Kenya sentenced a Chinese ivory smuggler to 21/2 years in prison yesterday in a landmark ruling hailed as sending a powerful warning to poachers and smugglers.
The illegal ivory trade, estimated to be worth up to US$10 billion a year, is mostly fuelled by demand in Asia and the Middle East, where elephant tusks and rhinoceros horns are used in traditional medicine and to make ornaments.
"A precedent has been set by this sentencing. It is a sign that our judiciary is waking up to the scale of the crisis and the damage that is being done to our animals," said Kenya Wildlife Service spokesman Paul Udoto.
Chen Biemei, 30, was jailed for 31 months for trying to smuggle 6.9kg of worked ivory she had disguised as 15 bags of macadamia nuts.
Chen, who pleaded guilty, was nabbed on August 14 as she tried to fly to Hong Kong.
Despite a surge of rhino and elephant killings across Kenya - and elsewhere in Africa - previous cases have seen smugglers escape with minimal fines and then set free.
In March, a Kenyan court handed a relatively small fine of less than US$350 to a Chinese smuggler caught with a haul of more than 400 finger-length ivory pieces. Such fines pose little if any deterrence, as experts say a kilogram of ivory has a black market value of roughly US$2,500.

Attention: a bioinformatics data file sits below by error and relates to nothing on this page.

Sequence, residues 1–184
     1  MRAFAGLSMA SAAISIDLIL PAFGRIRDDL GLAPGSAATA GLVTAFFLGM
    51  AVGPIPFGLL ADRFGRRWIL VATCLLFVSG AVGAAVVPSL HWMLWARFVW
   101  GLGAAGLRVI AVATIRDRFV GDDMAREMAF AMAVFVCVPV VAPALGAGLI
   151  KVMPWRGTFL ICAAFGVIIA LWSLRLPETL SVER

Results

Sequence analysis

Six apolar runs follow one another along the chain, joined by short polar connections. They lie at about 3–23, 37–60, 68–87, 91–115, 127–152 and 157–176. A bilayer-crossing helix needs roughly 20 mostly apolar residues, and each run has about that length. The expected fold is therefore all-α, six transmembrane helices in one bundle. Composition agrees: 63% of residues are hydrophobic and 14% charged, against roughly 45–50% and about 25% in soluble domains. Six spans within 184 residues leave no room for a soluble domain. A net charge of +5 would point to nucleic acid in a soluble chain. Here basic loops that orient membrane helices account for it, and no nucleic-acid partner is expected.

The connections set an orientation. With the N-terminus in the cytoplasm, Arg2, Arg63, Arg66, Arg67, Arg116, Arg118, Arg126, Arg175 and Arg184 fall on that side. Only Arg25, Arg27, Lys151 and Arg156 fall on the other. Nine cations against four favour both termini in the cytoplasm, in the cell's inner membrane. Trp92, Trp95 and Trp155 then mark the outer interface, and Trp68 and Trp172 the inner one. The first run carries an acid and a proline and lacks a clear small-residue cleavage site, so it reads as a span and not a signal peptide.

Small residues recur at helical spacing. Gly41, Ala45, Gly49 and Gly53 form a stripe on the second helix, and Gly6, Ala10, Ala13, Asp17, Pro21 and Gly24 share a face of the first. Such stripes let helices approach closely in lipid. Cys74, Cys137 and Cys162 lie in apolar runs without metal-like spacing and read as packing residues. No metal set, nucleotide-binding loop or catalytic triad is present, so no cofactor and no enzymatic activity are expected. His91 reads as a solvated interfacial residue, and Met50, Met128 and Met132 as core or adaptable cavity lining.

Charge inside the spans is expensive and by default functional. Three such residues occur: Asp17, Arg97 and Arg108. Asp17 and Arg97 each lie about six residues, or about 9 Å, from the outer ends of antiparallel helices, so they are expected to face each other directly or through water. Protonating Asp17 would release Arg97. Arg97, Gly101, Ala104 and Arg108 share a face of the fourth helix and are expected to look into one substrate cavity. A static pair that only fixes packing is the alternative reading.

A total of 17 people from six different countries have been arrested trying to smuggle ivory out of Kenya since the beginning of this year, according to the wildlife service.
"It is the longest such sentence I have seen for a long time," Udoto said. "Now those who want to damage our wildlife must also test our prison system."
Last year poachers slaughtered 384 elephants in Kenya, up from 289 in 2011, according to official figures, from a total population of around 35,000. More than 160 elephants have been killed so far in 2013, the service says.
Saving wildlife is crucial for Kenya, a top safari destination and heavily reliant on tourism for foreign currency earnings.
The sentencing comes as Kenyan President Uhuru Kenyatta wraps up a state visit to China, where among a raft of economic and trade deals signed included one also to boost wildlife protection. Kenyatta's wife, Margaret, is spearheading an anti-poaching drive aimed at saving elephants and rhinos.
Kenya's government has also said it plans to bolster lenient sentences for wildlife crime in a bid to stamp out a rise in elephant and rhino poaching. The service is boosting its anti-poaching force, said to be facing increasingly well-equipped and ruthless hunters.
Demand for ivory and rhino horn comes primarily from China. Many conservationists accuse the Chinese authorities of not doing enough to stop the illicit ivory trade.